Carol Johnston Mali DuBois, 90, died peacefully at home in Oyster Bay Cove on March 3, 2012, and was buried March 6 at a graveside service in Sleepy Hollow Cemetery in Tarrytown. Born October 6, 1921 in New York City, daughter of John Taylor Johnston Mali, Belgian Consul General, and Caramai Carroll. Educated at Spence School, Vassar and Barnard Colleges. Widow of Eugene DuBois (1911-1975), travel writer and airline executive. A passionate environmentalist, she served for many years as president of Action for Preservation and Conservation of the North Shore of Long Island and on the board of the Cold Spring Harbor Fish Hatchery & Aquarium. She was a 40-year volunteer for the American Red Cross and taught a current events class at the Doubleday Babcock Senior Center in Oyster Bay. Survived by four daughters: Caroline Starin DuBois, Oyster Bay; Abigail DuBois, Arlington, MA; Patricia DuBois, Topsham, ME; Ariane DuBois, Washington, DC; and three granddaughters: Grace DuBois Johnston, Caramai DuBois Johnston and Anna DuBois Bigelow. Donations in her memory may be made to the CSH Fish Hatchery & Aquarium, 1660 Rte 25A, Cold Spring Harbor, NY 11724, or environmental organization of your choice.

The New York Times
Paid Notice: Deaths
DUBOIS, CAROL JOHNSTON MALI
Published: March 11, 2012

. .DUBOIS–Carol Johnston Mali, 90, died peacefully at home in Oyster Bay Cove, NY on March 3, 2012, and was buried March 6 at a graveside service in Sleepy Hollow Cemetery in Tarrytown, NY. Born October 6, 1921 in New York City, daughter of John Taylor Johnston Mali, Belgian Consul General, and Caramai Carroll. Educated at Spence School, Vassar and Barnard Colleges. Widow of Eugene DuBois (1911-1975), travel writer and airline executive. A passionate environmentalist, she served for many years as President of Action for Preservation and Conservation of the North Shore of Long Island and on the board of the Cold Spring Harbor Fish Hatchery & Aquarium. She was a forty-year volunteer for the American Red Cross and taught a current events class at the Doubleday Babcock Senior Center in Oyster Bay. Survived by four daughters: Caroline Starin DuBois, Oyster Bay; Abigail DuBois, Arlington, MA; Patricia DuBois,Topsham, ME; Ariane DuBois, Washington, DC; and three granddaughters: Grace DuBois Johnston, Caramai DuBois Johnston, and Anna DuBois Bigelow. Donations in her memory may be made to the CSH Fish Hatchery & Aquarium, 1660 Rte 25A, CSH, New York 11724, or environmental organization of your choice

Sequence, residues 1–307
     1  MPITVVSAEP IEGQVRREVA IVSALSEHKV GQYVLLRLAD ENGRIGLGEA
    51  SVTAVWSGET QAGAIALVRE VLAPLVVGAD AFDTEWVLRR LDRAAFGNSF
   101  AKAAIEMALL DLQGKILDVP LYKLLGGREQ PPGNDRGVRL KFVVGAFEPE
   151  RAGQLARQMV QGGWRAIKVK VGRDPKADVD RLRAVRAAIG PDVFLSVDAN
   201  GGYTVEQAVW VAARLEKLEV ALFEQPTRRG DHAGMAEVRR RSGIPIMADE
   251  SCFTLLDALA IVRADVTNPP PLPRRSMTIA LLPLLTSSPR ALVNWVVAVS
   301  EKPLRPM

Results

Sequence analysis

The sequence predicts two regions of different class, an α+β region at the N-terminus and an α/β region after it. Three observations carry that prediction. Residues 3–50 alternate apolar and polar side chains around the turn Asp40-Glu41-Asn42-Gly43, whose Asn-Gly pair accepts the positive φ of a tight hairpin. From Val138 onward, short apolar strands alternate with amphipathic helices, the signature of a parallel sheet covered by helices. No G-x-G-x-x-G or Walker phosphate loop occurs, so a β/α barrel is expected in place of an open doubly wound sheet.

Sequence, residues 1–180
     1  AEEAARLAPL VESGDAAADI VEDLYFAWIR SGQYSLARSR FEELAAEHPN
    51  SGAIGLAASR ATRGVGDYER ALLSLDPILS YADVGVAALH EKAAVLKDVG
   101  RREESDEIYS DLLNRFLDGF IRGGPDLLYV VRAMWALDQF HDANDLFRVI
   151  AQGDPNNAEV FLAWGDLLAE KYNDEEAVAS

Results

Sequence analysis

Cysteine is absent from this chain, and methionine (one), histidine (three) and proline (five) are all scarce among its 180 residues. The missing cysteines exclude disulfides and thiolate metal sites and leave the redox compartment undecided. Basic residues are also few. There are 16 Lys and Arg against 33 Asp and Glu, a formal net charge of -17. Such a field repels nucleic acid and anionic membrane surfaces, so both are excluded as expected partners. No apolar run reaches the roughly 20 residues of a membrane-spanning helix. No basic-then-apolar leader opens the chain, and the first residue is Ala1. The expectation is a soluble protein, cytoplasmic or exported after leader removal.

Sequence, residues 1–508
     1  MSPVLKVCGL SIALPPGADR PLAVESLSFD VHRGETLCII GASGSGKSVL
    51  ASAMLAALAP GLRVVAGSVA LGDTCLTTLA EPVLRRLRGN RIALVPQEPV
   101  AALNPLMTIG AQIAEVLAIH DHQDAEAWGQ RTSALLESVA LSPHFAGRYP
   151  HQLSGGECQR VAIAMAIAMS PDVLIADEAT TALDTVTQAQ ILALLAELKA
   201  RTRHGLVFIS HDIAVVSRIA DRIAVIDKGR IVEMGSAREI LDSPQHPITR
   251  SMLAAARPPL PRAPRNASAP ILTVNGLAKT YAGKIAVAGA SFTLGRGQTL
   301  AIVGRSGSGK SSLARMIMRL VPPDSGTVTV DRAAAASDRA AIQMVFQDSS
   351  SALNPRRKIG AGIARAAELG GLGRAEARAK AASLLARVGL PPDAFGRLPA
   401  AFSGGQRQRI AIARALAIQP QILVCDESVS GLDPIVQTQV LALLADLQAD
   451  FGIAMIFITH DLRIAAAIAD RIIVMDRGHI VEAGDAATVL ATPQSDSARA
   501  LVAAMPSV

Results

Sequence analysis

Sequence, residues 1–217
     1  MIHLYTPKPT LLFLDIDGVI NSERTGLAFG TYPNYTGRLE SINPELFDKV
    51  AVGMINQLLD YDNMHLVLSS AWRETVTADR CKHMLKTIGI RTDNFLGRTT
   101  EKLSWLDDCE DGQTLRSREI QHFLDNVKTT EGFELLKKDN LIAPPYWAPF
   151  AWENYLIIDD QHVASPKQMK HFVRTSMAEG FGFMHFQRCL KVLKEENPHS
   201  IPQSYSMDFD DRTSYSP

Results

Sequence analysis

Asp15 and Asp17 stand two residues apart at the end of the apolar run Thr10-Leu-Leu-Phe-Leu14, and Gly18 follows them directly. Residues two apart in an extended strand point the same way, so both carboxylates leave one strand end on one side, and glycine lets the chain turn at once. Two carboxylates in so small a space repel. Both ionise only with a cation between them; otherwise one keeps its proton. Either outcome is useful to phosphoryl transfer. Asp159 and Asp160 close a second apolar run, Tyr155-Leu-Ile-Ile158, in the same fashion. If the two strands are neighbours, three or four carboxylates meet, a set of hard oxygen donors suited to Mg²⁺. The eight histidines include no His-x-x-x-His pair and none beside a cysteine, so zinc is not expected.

Taylor McDowell Mali

Taylor Mali From Wikipedia, the free encyclopediaJump to: navigation, search Taylor Mali

Taylor Mali at the international school in Stockholm
Born (1965-03-28) March 28, 1965 (age 47)
New York City, New York, USA
Occupation Poet, Teacher, Voice Actor
Nationality American
Literary movement Slam Poetry
Notable work(s) What Learning Leaves
Spouse(s) Marie-Elizabeth Mundheim

Influences[show]Billy Collins, Saul Williams, Walt Whitman, Rives, Mary Oliver, and Naomi Shihab Nye

www.taylormali.com

Taylor McDowell Mali (born 28 March 1965) is an American slam poet, humorist, teacher, and voiceover artist.[1][2][3]

Contents [hide]
1 Life
2 Poetry
3 Teaching
4 Published works
4.1 Books
4.2 Audio CDs
4.3 Anthologies
4.4 CD Anthologies
4.5 Narration
5 Awards
6 See also
7 References
8 External links
8.1 YouTube videos